Leo has a soft landing but is Mary Lou a game-changer?
Voters have become more bored than wary of FF, and are confused about what the party stands for, writes Jody Corcoran
On the North Strand, in Dublin's north inner city last Friday morning, a woman gets on the bus. She is, maybe, 50. She stands beside a friend already on board. By the by, she says she does "not know herself these days". Why, her friend wonders. Her husband has found work, she says, erecting scaffolding on Pearse Street.
Another scenario: in Woodies, Coolock, last week, in the space of half an hour, four people buy flashy looking barbecues, at several hundred euro each. And another: at a travel agent's in Dundrum, an employee says people are back taking one, maybe two, sometimes three holidays a year, including weekend breaks abroad.
This then is the whispered background to the political landscape, neatly encapsulated in feel-good headlines: "Irish households are now officially wealthier than during the boom."
There are other headlines, too, of course: rents are up 70pc and are 23pc higher than the Celtic Tiger peak; and the health service, always a mess, now stands exposed as a dangerous, unaccountable mess.
There is no escaping it though, the economy is booming. The crash is still evident, in the health service and property market in particular, and elsewhere, and that will take time, effort and policy to fix.
But when push comes to shove, what will primarily influence how people will vote at the next election - for decent public services or with regard to the money in their pocket?
Today's opinion poll attempts to answer the question, in a way, but as with all such polls, this is a snapshot in time, the time being just over two weeks to last Monday; that is, before the worst of the cervical cancer scandal became known and the surge in rents was laid bare, but also when people were quietly going about their daily lives, not shouting from the rooftops about their better fortune.
So we can read into the charts and figures and divine what they tell us about the mood of the country, and the consequent state of the political landscape.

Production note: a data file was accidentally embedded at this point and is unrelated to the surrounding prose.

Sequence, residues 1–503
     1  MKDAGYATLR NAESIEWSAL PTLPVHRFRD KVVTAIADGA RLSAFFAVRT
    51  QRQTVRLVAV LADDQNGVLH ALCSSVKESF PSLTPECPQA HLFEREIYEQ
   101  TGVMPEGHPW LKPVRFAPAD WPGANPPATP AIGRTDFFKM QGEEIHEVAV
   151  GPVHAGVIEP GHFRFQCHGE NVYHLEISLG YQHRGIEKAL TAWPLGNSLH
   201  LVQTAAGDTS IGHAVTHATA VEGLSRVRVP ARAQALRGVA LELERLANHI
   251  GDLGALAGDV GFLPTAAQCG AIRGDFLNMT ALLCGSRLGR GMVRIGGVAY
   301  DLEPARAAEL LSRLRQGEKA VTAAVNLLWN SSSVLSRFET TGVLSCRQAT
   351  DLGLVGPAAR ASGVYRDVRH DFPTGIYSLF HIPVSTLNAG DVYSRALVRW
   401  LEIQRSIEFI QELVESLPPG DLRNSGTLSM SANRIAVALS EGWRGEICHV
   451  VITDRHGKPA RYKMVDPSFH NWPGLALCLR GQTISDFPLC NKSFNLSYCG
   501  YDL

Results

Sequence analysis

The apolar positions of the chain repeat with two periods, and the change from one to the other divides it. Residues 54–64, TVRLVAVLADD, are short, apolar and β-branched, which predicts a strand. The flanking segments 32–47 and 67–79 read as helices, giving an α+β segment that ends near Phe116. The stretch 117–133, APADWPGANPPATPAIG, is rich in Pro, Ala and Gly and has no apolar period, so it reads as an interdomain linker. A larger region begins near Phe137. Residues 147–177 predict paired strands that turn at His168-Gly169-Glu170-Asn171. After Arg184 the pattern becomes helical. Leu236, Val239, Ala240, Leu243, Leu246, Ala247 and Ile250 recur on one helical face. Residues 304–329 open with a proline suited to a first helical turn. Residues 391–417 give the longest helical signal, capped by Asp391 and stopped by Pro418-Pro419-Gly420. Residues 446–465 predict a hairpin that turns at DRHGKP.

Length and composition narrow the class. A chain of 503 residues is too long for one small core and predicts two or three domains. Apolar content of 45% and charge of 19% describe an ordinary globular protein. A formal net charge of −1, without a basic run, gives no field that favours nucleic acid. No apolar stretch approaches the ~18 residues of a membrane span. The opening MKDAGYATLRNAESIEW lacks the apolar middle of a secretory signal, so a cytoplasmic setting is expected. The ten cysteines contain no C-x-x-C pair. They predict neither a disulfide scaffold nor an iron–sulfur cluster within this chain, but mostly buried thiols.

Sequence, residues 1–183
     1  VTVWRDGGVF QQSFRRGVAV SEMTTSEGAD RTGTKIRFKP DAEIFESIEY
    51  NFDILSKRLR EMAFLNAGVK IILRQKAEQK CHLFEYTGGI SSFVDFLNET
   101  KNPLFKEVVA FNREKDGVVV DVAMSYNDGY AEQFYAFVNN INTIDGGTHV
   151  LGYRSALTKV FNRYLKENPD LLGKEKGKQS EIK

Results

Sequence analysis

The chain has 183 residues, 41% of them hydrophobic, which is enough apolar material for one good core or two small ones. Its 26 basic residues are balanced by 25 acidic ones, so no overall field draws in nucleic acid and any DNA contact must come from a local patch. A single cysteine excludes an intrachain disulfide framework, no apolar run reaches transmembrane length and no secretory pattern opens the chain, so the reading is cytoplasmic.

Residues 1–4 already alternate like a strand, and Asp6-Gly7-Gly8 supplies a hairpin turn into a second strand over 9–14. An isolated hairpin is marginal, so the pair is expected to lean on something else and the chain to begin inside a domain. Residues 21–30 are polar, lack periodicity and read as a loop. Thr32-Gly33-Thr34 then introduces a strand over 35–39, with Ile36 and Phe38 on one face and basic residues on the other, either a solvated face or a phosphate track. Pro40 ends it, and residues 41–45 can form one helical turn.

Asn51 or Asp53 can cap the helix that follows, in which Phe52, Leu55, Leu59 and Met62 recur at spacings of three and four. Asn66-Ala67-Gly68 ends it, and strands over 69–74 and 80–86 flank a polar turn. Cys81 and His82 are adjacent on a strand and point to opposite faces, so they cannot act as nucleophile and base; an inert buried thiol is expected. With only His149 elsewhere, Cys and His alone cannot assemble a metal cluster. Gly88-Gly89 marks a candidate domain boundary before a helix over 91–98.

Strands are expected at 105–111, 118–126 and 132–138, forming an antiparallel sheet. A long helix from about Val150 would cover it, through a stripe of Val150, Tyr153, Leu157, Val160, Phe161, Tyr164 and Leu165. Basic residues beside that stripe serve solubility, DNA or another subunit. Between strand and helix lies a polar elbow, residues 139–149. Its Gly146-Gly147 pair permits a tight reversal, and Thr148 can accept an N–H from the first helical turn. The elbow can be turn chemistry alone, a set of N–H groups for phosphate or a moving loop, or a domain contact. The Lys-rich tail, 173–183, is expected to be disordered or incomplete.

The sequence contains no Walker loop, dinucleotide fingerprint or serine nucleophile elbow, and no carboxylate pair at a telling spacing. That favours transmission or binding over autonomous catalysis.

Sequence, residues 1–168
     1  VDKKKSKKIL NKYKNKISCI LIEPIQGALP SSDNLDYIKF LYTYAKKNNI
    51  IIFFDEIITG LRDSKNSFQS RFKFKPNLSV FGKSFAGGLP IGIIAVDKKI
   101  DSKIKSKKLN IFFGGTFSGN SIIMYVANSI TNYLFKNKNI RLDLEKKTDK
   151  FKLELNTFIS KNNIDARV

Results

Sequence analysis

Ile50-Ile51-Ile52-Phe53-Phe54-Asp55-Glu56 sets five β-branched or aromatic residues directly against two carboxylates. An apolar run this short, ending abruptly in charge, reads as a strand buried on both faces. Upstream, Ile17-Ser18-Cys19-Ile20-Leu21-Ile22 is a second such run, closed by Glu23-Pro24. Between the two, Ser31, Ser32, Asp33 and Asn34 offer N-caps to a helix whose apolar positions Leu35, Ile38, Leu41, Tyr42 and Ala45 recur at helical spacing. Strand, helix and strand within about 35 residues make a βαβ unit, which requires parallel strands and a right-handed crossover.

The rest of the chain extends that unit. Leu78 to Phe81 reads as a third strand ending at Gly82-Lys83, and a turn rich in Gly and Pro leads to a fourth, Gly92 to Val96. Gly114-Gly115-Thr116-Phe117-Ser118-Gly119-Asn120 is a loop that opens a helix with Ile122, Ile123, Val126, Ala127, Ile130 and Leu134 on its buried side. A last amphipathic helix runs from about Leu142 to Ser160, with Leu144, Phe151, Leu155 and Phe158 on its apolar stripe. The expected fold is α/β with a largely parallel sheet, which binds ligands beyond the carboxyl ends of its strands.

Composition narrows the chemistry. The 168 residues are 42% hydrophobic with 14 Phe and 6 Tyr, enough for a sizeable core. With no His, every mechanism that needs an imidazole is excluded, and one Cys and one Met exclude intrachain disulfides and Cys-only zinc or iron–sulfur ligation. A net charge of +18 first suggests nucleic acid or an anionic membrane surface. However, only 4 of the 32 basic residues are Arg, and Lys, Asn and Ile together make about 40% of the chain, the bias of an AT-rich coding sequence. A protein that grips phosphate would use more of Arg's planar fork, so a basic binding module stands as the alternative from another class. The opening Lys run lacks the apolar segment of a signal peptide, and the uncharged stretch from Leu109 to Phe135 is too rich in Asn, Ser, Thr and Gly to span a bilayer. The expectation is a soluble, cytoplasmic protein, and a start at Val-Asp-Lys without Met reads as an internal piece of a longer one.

Alongside that we can apply what experience tells us, and what all together may indicate about an election outcome, the next government, and to whom it will fall to try to unravel the still-evident problems out there.
To do that, it is worth first looking at the abortion referendum findings, too, which show two distinct Irelands emerging, but with urban, liberal Ireland in the ascendancy.
That said, this poll was taken a month to referendum day and, that far out, there will always be a large number of people who have not made up their minds, particularly so in this referendum, of course, on account of the complexities of the issue involved.
The same goes for elections. People will not make up their minds until the final week of a campaign. There are always signs though - movement, momentum or hints of momentum that can be detected.
This poll tells us that the abortion referendum will be close, closer than the Yes side probably expects.
A betting man would say that the proposition will be carried, but a wiser betting man might be inclined to keep his money in his pocket for another fortnight or so.
The headline figure says 57pc v 43pc in favour of repeal, excluding the undecided. But, as we know, in this referendum above all referendums, we can not exclude the undecided which stands at almost one-fifth or 18pc, rising to 21pc among men.
So, really, it is 45pc v 34pc in favour of repeal, with no clear-cut majority either way.
Now let us look further: the poll indicates that those who intend to vote No are somewhat more certain in their view, with 56pc "absolutely certain" and 28pc "pretty certain" to be against repeal.
It is also interesting, though, when we look at the high percentage minded to vote Yes, but uncertain in their view: almost a fifth of Yes supporters (18pc) have doubts, with 16pc having "some reservations" and 2pc "not at all certain".
Also, let us not forget, 4pc are refusing to say how they will vote.
So, if repeal opponents can, say, convince one-fifth of doubtful Yes voters, and a further one-fifth of undecided or undeclared voters, then the referendum result will be close indeed. Three weeks from polling day, that is still do-able.
Of course, the opposite is also the case. Doubtful No voters can still be persuaded to vote Yes, or a relatively small chunk of the undecided, for Yes to win.